Home / Daily / 'Applied incorrectly': insurer loses dispute over submerged boat exclusion
18 February 2022
The owners of a boat worth almost half a million dollars have won a $70,000 payout, compensation and reimbursement of legal fees in a claim dispute after the vessel’s engine compartment and sleeping cabin flooded.
The Club Marine customers held a pleasure craft policy covering a 9.4 metre Four Winns GK935 boat with a sum insured of $495,000. A claim was lodged for damage to the vessel when it was discovered to be submerged in January last year.
While everyone agreed a valid claim had been established under the policy, Club Marine said that a manufacturing fault was to blame for the incident and declined the claim, applying an exclusion for “the cost of rectifying a latent defect, fault or error in design or construction”.
The Australian Financial Complaints Authority (AFCA) said that exclusion had been incorrectly applied.
AFCA ruled the insurer pay $68,638 for repairs, plus more than 10% to allow for contingencies, and also reimburse the cost of hard stand costs for the vessel from August 27, pay $2000 in non-financial loss compensation and $5000 towards the complainants’ legal fees - the maximum AFCA can award.
“The exclusion does not extend to the resultant damage but is limited to costs to repair the error in manufacture of the vessel only,” AFCA said.
“It may well be that the insurer intends to exclude such loss or damage from cover. However, as the party responsible for the drafting of the policy provisions, the insurer has the obligation to ensure the wording of the exclusion is sufficiently clear and informs the reader of what is to be excluded from cover.”
The club at which the boat was moored telephoned the owner on January 11 2021 to report the boat swim platform was under water. Apon arrival, the owner found the sleeping cabin and engine compartment were flooded, with water over the batteries and motors and the level reaching up to a TV.
The bilge pump would not switch on and an emergency one was sourced and used in the engine room to drain as much water as possible. The boat was then towed to the boat lift by the club.
A Club Marine consultant appointed to determine the cause of submergence reported failure of a plastic transducer, caused by inner and outer hull skins moving independently of each other due to the skins not being sufficiently bonded at the time of manufacture - by both an insufficient amount of adhesive and by that glue not bonding well from insufficient preparation of the skins.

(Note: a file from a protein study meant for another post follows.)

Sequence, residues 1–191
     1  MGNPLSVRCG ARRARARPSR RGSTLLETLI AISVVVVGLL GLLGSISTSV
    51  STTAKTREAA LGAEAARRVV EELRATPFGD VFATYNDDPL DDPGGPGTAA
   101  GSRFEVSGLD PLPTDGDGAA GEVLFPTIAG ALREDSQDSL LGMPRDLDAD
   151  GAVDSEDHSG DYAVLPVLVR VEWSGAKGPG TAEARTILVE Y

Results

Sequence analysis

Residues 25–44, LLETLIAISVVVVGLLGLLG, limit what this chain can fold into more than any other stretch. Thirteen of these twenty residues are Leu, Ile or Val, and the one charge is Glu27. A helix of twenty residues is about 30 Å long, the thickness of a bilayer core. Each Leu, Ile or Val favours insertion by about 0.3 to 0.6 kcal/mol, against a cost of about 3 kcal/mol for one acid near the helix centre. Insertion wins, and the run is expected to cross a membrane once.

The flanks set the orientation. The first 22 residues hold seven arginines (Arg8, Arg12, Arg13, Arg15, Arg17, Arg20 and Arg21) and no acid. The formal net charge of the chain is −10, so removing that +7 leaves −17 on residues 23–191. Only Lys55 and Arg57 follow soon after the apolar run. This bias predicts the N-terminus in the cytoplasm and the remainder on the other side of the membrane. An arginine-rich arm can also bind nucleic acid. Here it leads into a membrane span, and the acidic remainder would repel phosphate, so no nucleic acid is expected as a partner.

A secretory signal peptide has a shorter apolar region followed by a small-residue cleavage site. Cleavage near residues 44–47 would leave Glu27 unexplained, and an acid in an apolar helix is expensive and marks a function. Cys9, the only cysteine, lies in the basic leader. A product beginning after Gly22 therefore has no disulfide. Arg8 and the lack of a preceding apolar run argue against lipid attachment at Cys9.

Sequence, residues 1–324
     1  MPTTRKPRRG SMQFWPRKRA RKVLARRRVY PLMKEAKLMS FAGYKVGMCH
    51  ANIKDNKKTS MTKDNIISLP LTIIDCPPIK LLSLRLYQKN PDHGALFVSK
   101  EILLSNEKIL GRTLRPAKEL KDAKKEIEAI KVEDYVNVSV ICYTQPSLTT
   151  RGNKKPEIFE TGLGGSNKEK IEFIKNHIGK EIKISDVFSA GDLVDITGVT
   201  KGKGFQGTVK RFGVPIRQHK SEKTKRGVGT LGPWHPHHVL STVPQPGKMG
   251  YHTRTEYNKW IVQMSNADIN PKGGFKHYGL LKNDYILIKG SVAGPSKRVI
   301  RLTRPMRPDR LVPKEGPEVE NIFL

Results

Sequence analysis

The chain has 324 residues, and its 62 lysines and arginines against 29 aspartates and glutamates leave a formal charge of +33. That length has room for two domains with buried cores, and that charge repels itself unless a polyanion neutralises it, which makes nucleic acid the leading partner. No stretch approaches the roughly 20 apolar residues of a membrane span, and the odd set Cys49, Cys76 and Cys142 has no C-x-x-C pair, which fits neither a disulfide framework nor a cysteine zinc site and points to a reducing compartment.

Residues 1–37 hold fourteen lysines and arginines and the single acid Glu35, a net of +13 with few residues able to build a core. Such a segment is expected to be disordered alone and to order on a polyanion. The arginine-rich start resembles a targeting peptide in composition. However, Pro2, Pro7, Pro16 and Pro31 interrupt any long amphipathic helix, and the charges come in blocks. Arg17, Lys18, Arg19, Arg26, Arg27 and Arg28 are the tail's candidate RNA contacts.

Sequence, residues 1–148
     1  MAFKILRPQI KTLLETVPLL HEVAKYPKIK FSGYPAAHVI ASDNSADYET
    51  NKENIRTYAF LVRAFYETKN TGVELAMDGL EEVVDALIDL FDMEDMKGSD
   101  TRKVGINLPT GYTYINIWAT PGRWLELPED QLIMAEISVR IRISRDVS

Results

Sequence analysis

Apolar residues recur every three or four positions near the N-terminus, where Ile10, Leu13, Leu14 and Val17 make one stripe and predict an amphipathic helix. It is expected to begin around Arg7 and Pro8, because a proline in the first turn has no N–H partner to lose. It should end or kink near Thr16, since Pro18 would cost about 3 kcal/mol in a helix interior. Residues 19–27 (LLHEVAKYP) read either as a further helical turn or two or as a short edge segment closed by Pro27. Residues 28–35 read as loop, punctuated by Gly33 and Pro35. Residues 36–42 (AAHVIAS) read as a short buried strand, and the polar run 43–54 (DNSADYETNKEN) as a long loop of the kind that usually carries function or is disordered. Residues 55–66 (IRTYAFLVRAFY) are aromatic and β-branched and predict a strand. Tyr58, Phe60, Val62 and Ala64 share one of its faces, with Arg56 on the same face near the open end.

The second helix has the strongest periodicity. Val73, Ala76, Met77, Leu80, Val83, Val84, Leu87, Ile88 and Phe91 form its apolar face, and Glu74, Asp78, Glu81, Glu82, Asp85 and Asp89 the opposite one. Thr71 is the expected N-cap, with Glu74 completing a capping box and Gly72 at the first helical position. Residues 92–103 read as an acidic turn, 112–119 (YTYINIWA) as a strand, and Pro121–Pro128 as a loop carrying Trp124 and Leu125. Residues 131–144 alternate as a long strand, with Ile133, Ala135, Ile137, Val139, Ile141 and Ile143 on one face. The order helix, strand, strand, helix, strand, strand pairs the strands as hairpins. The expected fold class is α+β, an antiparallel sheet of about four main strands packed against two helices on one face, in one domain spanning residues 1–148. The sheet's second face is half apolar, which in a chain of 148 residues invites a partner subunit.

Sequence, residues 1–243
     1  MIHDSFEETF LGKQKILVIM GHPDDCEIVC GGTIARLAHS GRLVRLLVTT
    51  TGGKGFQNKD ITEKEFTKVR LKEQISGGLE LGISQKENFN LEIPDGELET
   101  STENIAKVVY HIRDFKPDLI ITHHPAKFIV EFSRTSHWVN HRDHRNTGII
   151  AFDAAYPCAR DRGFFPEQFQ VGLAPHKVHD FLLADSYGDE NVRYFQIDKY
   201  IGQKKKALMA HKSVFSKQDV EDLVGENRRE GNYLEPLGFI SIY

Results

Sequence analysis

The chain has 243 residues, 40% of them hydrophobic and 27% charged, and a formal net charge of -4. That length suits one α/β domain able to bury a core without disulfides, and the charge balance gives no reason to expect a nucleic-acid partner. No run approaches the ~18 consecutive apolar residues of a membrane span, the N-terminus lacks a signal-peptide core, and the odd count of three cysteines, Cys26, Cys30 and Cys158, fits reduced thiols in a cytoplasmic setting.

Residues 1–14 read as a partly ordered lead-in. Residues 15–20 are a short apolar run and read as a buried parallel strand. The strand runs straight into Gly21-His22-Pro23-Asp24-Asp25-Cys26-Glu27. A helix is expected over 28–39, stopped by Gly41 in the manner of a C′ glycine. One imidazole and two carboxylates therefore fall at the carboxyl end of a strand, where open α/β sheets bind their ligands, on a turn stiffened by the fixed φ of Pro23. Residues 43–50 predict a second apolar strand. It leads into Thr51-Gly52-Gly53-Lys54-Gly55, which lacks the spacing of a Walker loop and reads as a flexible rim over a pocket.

AFCA said relying on this to deny the payout “incorrectly interpreted” the relevant Club Marine exclusion to decline indemnity as it “simply says the insurer will not cover the cost to rectify a fault in design or construction”.
“The fault or error in design or construction is limited to the issue with how the vessel’s manufacturer has failed to adequately bond the inner and outer hull skins in the area of the transducer. The complainants are not seeking cover to address this defect. The complainants are seeking cover for the resultant damage caused by the water ingress into the vessel,” AFCA said.
“Given, the wording of the exclusion, the panel does not accept the insurer’s interpretation of the provision and therefore is not satisfied it extends to the resultant damage claimed.
“The insurer has assessed this to be an error in manufacture and is of the view the policy exclusion entitles it to decline the claim. The panel does not agree and is not satisfied the wording of the policy exclusion extends to loss or damage that may arise from or is related to a fault or error in design or construction of the vessel.”
Club Marine suggested the boat owners approach the manufacturer for their loss as the craft was under a manufacturer warranty, but AFCA said there was no requirement under the policy to do so and given a valid claim existed under the policy, they were entitled to seek indemnity for their loss under the insurance claim.
AFCA said it decided to award compensation as the insurer incorrectly applied the policy provisions and did not have grounds to deny the claim, and the denial had caused undue delay in the vessel being repaired and had caused undue stress and inconvenience over an extended period.
It said it also awarded legal costs as the issue in dispute “turns on a legal question” relating to the interpretation of a provision of the contract of insurance, and it was through legal representation that the boat owners were successful in establishing their position and success under the claim.
“AFCA does not usually require an insurer to reimburse a complainant’s representative’s costs. However, in these circumstances the panel is of the view it is fair,” AFCA said.
See the full ruling here.